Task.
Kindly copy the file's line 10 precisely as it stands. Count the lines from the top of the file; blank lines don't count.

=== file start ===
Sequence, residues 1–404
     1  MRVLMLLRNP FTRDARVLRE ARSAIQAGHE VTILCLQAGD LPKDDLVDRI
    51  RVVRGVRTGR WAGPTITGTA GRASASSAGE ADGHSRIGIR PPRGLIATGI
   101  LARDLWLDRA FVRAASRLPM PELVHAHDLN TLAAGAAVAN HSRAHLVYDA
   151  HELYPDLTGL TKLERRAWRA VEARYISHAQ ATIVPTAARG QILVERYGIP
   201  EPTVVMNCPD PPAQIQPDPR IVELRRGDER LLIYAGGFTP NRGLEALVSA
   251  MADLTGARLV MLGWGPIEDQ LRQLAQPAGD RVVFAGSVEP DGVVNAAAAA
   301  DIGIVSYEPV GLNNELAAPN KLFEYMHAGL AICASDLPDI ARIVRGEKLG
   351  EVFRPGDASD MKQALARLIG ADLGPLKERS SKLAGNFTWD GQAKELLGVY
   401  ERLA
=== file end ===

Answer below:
   401  ERLA